According to him, the disease was likely to impact adversely on the nation’s custom and other receipts, increase expenditures on health as well as financing conditions on the fiscal front.
Coronavirus: How the pandemic is impacting negatively on the Ghanaian economy, Finance Minister updates
Ghana’s Minister of Finance, Mr Ken Ofori-Atta has announced that the preliminary analysis by the Ministry which has proven that the Coronavirus pandemic would impact negatively on the country’s petroleum receipts due to the collapse of international oil prices.
“More generally, it is affecting tourism, travel and conferences, Foreign Direct Investment (FDI), international trade, food and nutrition, and poverty reduction”.
Mr Ofori-Atta said this when he presented a statement in Parliament to update the House on the fiscal implications of the Coronavirus (COVID-19) and the measures being taken to pay depositors who had funds with the defunct Micro Finance Institutions (MFIs) and Savings and Loans Companies (SLCs).
He announced that the government was putting in place measures to close a possible financing gap in the 2020 Budget that could result from the impact of the coronavirus.
Adding that the measures may include withdrawal from the Ghana Stabilization Fund occasioned by anticipated shortfalls in the Annual Budget Funding Amount (ABFA), adding: “We will come to this august House to seek for the necessary approvals in due course”.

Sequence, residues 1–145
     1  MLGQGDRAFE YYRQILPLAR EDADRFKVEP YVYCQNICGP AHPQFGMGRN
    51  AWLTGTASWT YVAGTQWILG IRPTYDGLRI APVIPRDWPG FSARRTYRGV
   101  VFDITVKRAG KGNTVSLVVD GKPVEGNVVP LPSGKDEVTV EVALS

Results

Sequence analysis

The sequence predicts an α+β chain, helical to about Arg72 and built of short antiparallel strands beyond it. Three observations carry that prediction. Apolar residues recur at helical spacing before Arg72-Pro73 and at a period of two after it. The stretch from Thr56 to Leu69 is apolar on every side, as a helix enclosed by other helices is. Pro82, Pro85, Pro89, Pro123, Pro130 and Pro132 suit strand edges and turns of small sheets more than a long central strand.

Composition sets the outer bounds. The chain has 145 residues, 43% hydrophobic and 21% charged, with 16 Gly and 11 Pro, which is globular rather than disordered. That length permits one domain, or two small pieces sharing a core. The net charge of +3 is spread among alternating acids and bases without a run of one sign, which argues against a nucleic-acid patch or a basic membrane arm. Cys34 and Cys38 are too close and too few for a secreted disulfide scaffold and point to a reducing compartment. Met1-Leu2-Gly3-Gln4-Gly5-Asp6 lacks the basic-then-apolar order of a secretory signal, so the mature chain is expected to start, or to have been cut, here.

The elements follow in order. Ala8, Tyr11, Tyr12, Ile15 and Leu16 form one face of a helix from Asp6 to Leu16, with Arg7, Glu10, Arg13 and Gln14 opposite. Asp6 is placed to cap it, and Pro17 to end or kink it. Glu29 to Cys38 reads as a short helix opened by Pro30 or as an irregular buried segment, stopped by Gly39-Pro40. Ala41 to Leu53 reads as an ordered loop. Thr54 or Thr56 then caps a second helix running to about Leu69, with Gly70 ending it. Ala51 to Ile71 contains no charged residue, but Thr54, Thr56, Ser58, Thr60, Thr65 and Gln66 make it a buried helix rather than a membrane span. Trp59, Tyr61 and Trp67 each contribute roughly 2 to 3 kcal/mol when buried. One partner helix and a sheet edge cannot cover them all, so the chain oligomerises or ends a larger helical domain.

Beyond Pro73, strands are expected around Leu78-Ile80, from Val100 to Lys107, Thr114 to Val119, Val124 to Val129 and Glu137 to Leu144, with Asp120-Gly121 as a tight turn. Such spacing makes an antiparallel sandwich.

The Finance Minister further said the government, currently, is in discussion with the World Bank to tap into a US$12 billion World Bank Group fast track COVID-19 facility to help close the financing gap.
Additionally, the government is discussing with the International Monetary Fund (IMF) to access part of a $10 billion facility made available by the IMF to address Corona through the Rapid Credit Facility.
He noted the country was also discussing with other multilateral and bilateral partners on potential assistance to close the financing gap.
”But, Mr Speaker, even in the difficult global circumstances, Ghana is blessed,” he said.
Adding that in line with the President’s directive, an amount of about five billion Ghana cedis was released in a combination of cash and a five-year amortized zero-coupon bond to the Receivers’ Paying-agent, the Consolidated Bank Ghana (CBG), to enable it to settle the remaining outstanding claims.
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